Frequently Asked Questions
1. What kind of accommodations are available?
Yiddish Farm students will live on-site in bungalows with bathrooms and showers.
2. How does a typical day look?
6:30 - 7:00 : Breakfast
7:00 - 11:00 : Farm and household chores
11:30-12:15 : Lunch
1:00 - 2:45 : Language Class
2:45 - 3:00 : Break
3:00 - 4:45 : Language Class
4:45 - 5:15 : Books on tape
5:15 - 5:45 : Sing-along
6:00 - 6:45 : Dinner
6:45 - 7:00 : Journaling
7:00 - 8:45 : Yiddish cultural activity
|6:30 - 7:00||Breakfast/animal chores|
|7:00 - 7:30||Yiddish singing|
|7:30 - 11:00||Farm/household chores/lunch preparation|
|11:00 - 12:00||Lunch/discussion|
|12:00 - 1:30||Naptime|
|1:30 - 3:00||Grammar Class|
|3:00 - 4:00||Writing|
|4:00 - 5:30||Literature/theater|
|5:30 - 6:15||Food prep/animals|
|6:15 - 7:15||Music|
|7:15 - 8:15||Dinner|
|8:15 - 9:45||Evening activity|
3. What kind of food do we eat?
All Yiddish farm meals are prepared on-site and follow three principles:
A. We try to eat as much from the farm as possible.
B. Although we eat meat, there are always multiple options for vegetarians.
C. Everything is strictly kosher (we follow all hashgachos except Triangle K, Tablet K, and K).
4. Do I have to work on the farm?
We believe that working on the farm is an important part of the Yiddish Farm experience as well as critical to the cultivation of community. On the farm, participants put their Yiddish to use and learn about organic agriculture. That said, there are chores and projects that do not require a person to work outside, such as making signs, canning/pickling, and cooking. People who don't wish to work outside will be assigned different jobs. If you are interested in learning Yiddish, but not in farming, please indicate this before the beginning of the program so that we can plan properly.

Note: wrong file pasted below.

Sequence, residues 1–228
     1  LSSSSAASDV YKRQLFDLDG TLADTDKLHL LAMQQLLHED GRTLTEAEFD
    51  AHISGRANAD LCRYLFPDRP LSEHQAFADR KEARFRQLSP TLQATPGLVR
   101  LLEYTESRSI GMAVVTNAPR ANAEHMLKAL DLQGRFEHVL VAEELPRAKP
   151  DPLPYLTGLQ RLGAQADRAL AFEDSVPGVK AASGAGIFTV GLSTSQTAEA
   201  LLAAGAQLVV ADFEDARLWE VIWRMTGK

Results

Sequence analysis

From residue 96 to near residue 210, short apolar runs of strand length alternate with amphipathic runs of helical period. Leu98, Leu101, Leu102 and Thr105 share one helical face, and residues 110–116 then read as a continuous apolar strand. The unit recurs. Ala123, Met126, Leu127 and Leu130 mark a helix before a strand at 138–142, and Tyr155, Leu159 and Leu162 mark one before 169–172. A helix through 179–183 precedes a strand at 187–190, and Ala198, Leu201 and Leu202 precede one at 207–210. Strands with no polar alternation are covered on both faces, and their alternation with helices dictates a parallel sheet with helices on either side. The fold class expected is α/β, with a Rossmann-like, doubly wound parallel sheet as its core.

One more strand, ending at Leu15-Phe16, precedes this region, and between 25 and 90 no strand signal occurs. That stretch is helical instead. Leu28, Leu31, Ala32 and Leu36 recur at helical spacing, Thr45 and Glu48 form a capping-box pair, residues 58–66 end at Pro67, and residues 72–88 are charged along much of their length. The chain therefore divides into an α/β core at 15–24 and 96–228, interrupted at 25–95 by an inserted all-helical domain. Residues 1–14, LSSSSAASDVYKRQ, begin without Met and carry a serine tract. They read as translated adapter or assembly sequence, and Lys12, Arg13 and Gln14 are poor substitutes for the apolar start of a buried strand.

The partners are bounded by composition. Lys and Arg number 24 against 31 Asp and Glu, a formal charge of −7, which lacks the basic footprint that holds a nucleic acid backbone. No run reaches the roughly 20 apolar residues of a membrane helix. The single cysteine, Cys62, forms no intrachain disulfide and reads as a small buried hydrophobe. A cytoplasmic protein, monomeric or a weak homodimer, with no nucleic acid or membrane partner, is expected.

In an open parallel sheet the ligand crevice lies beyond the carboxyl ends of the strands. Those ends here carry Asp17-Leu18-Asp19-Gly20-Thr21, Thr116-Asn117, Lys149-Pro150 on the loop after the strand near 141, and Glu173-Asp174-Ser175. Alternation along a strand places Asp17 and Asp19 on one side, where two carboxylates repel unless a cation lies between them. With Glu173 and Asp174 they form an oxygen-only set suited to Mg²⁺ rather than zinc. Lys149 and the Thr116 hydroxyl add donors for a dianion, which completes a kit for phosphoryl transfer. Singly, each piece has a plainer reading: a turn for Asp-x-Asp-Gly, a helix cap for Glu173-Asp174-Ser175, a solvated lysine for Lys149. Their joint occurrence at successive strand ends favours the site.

5. What are weekends like?
There will be traditional shabbos services and festive meals on Friday night and Saturday. All classes that take place during the Sabbath will be shabbos-friendly, which means no writing or computers. We try to create an atmosphere that is comfortable for people of various backgrounds, while adhering to modern Orthodox Jewish law. For more information on Sabbath observance at Yiddish Farm, feel free to write us at firstname.lastname@example.org
6. Must I speak Yiddish the entire time?
Students are expected to speak Yiddish throughout the program. Before coming, students should complete the 10 lessons on www.yiddishpop.com. These free interactive lessons will give students the necessary tools to communicate in Yiddish from the first day of the program.
7. How do I sign up?